Netflix eyeing stream-only service in the US
Netflix CEO Reed Hastings said in a blog-post that Netflix was examining the possibility of stream-only service to American consumers.
Earlier this month, Netflix began offering stream-only service – at a rate of $7.99 a month – to consumers north of the border. No discs. No red envelopes. Just online movies and TV shows. Analysts have billed this Canadian expansion as a kind of test run for Netflix, which was previously offering streaming video exclusively in the US.
"The company will determine whether or not there's opportunity for other countries based on its Canadian performance," notes ReadWriteWeb's Sarah Perez, who participated in a conference call with Netflix execs.
Now Netflix CEO Reed Hasting is hinting that a wider roll-out of streaming service could happen by soon as the end of this year. "We are looking at adding a streaming-only option for the USA over the coming months," Hasting wrote in a blog post today.
At this point it's worth noting that US consumers can currently pay $8.99 a month for a DVD-by-mail option – an option which also includes unlimited streaming video. In other words, the difference between the Canadian plan and the current cheapest US plan is only one dollar. And plenty of people – like this humble Horizons blogger – use the DVD-by-mail plan AS a streaming-only plan. How do we do that?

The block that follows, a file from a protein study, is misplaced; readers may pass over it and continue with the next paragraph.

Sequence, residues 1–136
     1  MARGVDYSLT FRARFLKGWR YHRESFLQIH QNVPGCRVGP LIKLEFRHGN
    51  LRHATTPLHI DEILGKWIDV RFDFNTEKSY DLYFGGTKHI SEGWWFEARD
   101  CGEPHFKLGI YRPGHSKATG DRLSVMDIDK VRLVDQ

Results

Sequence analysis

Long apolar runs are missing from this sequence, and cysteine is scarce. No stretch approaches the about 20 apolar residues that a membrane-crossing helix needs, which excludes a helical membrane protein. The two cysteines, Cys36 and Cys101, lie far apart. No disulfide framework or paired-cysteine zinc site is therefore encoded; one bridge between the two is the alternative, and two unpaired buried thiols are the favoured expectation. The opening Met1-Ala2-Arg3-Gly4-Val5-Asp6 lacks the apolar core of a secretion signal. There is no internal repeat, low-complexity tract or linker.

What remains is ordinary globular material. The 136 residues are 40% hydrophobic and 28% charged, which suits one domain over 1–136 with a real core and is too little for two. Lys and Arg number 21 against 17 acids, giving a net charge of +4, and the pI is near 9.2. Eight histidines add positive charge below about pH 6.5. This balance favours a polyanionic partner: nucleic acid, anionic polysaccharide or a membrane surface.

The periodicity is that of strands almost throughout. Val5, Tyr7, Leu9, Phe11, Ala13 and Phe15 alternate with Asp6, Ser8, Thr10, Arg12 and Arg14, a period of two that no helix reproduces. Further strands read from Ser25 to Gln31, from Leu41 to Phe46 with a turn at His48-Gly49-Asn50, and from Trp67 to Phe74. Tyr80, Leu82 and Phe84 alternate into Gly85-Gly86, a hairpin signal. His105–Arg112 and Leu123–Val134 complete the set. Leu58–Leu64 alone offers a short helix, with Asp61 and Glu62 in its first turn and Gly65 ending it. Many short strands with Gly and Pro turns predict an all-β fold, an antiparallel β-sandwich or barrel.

Well, we just don't bother requesting DVDs and do our all our Netflix viewing online. (Anyone else out there in our boat?)
As we recently noted, Netflix has faced heightened competition from other online services.
HBO, for instance, has launched its own subscription streaming platform called HBO GO, and Hulu has begun offering premium content under the aegis of Hulu Plus. This spring, partially in an effort to stay ahead of rivals such as Hulu, Netflix announced it had reached a deal that would delay the availability of new releases from Universal and Twentieth Century Fox for at least a month after the official DVD release date.
In exchange, Fox and Universal agreed to provide more content to Netflix.